Although Matt felt that he was probably unlikely to ever become a permanent member of Oasis, he does remember that the uncertainties of the time led to discussions by the other members about their future. “There was talk of this other band, as I remember. I was told occasionally that I was possibly in something and I just thought, ‘yeah right’. Something involving members of Oasis? Yeah, I think so. Things were a bit up in the air. I got the impression that they didn’t know what was happening with Noel and whether he was coming back.”
Matt’s spell in the band lasted three months, but it was punctuated by the occasional return of Noel. The older Gallagher brother had made it clear that while he was prepared to play UK gigs, any time spent on a tour bus with his brother was out of the question. Unfortunately it meant that in exchange for carrying the heavy end of the tour across Europe, it was Matt Deighton who missed out on a rare opportunity to headline Wembley Stadium. He could have turned up with his guitar on the day, waiting to be called on for a couple of songs from the wings, but he didn’t feel that it would be particularly appropriate.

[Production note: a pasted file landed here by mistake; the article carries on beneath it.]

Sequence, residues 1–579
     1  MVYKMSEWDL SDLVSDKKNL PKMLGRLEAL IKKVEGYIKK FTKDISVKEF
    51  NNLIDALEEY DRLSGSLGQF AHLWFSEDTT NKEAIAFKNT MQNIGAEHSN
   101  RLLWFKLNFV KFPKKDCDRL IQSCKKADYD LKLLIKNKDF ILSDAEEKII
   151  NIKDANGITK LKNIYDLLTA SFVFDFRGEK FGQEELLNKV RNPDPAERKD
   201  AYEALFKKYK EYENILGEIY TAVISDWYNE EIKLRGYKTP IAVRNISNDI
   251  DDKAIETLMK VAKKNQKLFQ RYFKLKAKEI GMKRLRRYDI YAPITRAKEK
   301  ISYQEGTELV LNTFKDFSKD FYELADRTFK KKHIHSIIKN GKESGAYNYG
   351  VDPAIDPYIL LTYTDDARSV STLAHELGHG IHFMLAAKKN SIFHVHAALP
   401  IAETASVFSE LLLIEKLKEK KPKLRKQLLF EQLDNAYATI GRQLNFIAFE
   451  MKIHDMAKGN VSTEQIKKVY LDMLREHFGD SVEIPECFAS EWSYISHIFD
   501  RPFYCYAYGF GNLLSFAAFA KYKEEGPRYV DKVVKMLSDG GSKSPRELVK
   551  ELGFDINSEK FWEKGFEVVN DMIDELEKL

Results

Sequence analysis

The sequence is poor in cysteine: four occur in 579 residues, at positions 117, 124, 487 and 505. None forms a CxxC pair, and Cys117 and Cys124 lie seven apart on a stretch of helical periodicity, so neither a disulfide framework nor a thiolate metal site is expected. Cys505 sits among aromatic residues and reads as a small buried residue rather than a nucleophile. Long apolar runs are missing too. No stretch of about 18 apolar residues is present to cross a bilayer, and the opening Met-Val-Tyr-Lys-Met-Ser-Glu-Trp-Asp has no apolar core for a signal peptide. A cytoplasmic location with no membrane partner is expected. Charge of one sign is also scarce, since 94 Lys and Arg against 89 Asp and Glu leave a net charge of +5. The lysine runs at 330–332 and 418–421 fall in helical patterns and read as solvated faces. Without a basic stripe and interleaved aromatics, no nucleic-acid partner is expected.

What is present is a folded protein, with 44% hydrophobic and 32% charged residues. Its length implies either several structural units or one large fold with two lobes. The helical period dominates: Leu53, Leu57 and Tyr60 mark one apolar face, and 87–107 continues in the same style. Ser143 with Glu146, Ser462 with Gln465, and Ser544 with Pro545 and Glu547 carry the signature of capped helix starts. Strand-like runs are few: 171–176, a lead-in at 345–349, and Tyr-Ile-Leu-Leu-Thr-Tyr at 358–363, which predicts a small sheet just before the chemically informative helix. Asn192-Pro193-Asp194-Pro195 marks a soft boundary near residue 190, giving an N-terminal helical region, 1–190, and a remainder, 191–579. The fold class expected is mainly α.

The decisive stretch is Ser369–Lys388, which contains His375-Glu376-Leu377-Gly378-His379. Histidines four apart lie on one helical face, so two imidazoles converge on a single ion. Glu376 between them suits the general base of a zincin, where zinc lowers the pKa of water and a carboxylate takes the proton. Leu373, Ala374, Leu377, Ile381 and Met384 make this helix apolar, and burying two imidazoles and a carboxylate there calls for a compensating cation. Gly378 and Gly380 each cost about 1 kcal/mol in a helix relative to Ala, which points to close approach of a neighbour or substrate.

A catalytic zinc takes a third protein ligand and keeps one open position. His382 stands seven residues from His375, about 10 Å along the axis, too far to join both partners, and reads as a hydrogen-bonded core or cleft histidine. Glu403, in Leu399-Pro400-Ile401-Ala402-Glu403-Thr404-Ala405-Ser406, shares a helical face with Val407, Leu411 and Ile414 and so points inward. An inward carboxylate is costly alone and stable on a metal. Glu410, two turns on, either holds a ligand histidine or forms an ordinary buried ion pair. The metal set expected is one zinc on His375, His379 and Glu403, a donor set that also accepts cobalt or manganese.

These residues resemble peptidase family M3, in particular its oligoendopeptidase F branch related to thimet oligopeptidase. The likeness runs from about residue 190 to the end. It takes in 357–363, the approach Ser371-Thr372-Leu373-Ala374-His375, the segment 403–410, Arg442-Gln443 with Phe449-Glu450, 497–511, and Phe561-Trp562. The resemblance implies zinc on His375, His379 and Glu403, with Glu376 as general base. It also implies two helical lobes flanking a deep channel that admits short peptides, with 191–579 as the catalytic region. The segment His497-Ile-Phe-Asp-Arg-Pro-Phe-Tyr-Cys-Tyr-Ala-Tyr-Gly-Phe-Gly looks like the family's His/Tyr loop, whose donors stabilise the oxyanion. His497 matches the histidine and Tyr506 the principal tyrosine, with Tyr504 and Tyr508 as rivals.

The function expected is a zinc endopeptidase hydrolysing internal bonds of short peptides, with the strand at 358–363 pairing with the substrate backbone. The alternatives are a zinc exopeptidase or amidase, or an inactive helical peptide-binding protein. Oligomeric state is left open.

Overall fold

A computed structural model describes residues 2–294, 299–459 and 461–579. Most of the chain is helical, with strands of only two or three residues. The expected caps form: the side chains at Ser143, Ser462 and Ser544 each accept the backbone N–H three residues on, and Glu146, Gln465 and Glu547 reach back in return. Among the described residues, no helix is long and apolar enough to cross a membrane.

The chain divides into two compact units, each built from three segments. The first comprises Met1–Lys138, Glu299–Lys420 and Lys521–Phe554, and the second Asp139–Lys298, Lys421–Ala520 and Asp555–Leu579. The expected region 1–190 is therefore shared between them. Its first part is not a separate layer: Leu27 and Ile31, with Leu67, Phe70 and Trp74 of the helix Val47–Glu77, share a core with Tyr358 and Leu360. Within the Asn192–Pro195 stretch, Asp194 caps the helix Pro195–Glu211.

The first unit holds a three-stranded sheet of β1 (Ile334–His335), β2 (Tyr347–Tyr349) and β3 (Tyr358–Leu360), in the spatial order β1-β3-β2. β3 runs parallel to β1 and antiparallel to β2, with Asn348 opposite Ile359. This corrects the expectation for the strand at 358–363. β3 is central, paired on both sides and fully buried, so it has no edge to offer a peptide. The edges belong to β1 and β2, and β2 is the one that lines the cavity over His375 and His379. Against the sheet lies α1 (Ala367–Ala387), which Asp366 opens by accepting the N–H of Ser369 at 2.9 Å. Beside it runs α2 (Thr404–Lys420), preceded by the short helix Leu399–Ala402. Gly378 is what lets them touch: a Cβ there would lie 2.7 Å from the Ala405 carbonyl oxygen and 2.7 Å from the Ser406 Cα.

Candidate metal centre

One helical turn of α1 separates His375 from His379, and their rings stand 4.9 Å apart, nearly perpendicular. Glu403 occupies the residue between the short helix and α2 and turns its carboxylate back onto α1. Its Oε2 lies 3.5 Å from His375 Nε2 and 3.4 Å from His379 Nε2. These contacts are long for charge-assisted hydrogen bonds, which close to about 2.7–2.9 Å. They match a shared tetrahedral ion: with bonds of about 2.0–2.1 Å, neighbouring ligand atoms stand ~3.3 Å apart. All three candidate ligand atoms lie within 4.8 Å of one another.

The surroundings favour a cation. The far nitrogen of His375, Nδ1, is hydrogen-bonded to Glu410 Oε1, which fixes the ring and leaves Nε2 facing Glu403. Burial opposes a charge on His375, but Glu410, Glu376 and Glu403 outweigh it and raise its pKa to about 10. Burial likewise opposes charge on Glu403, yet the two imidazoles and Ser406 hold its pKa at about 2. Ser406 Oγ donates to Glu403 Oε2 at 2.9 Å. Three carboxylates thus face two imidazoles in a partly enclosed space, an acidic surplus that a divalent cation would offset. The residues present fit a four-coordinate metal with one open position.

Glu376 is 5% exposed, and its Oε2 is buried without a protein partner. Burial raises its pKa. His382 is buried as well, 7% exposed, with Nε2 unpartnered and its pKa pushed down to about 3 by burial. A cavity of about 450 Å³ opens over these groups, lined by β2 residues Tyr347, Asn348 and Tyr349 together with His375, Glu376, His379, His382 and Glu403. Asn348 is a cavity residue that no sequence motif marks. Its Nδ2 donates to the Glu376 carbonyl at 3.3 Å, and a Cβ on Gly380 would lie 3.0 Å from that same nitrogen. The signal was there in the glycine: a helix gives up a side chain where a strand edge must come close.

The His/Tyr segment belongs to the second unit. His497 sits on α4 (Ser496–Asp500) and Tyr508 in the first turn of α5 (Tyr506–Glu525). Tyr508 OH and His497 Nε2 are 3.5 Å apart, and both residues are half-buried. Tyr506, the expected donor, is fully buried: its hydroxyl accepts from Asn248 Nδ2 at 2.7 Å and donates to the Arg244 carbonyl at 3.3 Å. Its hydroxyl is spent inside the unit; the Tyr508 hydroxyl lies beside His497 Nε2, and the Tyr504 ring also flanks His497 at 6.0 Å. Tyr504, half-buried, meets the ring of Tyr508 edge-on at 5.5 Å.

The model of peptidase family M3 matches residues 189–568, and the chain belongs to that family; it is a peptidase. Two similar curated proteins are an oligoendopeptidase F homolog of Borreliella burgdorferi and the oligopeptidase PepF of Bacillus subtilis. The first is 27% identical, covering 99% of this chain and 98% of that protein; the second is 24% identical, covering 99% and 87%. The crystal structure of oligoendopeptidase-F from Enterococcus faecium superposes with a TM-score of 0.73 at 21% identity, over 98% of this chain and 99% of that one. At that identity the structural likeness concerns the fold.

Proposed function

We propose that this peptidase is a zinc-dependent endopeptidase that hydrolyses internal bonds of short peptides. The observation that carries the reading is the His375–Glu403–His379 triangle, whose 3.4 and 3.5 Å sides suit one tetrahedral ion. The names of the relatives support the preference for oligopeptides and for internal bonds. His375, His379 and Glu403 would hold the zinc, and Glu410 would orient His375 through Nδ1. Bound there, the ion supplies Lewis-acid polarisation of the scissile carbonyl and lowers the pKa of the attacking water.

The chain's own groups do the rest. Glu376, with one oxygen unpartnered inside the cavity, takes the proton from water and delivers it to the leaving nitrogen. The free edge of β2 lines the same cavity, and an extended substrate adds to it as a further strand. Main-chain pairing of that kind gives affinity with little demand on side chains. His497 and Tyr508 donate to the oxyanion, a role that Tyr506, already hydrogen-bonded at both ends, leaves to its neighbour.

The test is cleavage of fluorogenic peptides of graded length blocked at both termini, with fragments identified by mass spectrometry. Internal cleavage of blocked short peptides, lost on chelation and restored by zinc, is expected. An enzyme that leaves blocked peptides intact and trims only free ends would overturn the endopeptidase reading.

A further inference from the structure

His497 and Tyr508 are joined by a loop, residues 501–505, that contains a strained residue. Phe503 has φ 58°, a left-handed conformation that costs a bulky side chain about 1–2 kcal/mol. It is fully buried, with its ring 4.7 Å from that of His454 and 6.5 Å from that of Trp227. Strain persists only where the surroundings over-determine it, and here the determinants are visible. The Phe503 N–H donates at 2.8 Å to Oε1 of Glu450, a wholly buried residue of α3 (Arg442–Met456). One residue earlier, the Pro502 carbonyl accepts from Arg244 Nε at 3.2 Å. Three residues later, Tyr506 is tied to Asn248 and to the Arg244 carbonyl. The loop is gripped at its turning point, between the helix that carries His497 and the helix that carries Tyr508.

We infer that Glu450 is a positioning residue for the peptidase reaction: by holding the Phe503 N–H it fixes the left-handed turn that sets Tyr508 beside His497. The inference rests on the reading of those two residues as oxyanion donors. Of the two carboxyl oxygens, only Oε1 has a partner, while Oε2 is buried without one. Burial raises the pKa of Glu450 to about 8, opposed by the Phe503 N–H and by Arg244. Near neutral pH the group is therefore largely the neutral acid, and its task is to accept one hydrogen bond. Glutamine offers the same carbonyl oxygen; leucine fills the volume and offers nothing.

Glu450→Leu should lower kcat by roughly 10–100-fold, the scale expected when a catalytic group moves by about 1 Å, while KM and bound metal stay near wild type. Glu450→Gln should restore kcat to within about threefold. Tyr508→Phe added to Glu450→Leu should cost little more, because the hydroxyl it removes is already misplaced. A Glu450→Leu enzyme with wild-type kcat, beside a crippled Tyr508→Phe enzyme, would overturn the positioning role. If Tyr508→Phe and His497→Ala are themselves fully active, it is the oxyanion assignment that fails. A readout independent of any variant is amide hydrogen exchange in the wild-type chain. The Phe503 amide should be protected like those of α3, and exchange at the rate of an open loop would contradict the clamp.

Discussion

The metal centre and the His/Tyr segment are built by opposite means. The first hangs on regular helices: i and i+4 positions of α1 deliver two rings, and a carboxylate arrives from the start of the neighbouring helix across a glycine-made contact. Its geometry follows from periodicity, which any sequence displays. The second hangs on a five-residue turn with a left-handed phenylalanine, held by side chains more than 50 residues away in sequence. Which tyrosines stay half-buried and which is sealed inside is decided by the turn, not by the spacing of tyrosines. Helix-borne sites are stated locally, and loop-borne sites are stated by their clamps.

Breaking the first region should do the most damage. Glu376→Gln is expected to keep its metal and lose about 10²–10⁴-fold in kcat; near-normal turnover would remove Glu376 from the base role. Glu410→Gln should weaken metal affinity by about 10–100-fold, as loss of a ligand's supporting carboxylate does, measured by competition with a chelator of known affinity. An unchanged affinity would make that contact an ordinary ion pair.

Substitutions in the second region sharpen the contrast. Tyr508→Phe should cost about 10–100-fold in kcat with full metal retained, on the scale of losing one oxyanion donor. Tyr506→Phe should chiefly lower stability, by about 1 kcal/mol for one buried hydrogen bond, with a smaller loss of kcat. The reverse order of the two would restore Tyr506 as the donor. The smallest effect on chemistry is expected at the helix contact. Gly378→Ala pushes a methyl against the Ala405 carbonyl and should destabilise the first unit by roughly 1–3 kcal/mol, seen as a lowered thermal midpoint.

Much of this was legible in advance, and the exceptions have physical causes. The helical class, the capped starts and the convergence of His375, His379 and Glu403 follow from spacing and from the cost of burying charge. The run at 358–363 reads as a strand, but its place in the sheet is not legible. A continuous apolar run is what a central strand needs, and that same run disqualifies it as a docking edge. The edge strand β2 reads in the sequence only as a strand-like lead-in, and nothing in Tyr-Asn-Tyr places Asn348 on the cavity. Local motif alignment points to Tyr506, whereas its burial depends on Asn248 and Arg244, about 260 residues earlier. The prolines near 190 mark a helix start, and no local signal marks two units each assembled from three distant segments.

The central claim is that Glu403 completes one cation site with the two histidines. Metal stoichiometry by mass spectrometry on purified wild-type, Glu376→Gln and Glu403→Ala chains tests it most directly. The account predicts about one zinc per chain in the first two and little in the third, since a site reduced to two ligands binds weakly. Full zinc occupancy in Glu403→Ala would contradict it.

“I was actually asked to do that,” he recalls, “but I think it was just the management playing safe, because at that point I don’t think Noel and Liam had been in touch with each other. It would have been nice to play at Wembley as it was going to be knocked down, but I didn’t for one minute think that it would happen, especially in Noel’s own place. And to be perfectly honest, I was glad I wasn’t there – I’d have felt strangely in the middle of something that was not my business.”
At the end of the tour Matt Deighton waved goodbye to Oasis at Victoria Station, but was there any desire to have carried on with the band? “If it had continued, I suppose I wouldn’t be living in a rented shithole and selling my guitars,” he jokes, “so yeah, it would have been nice.”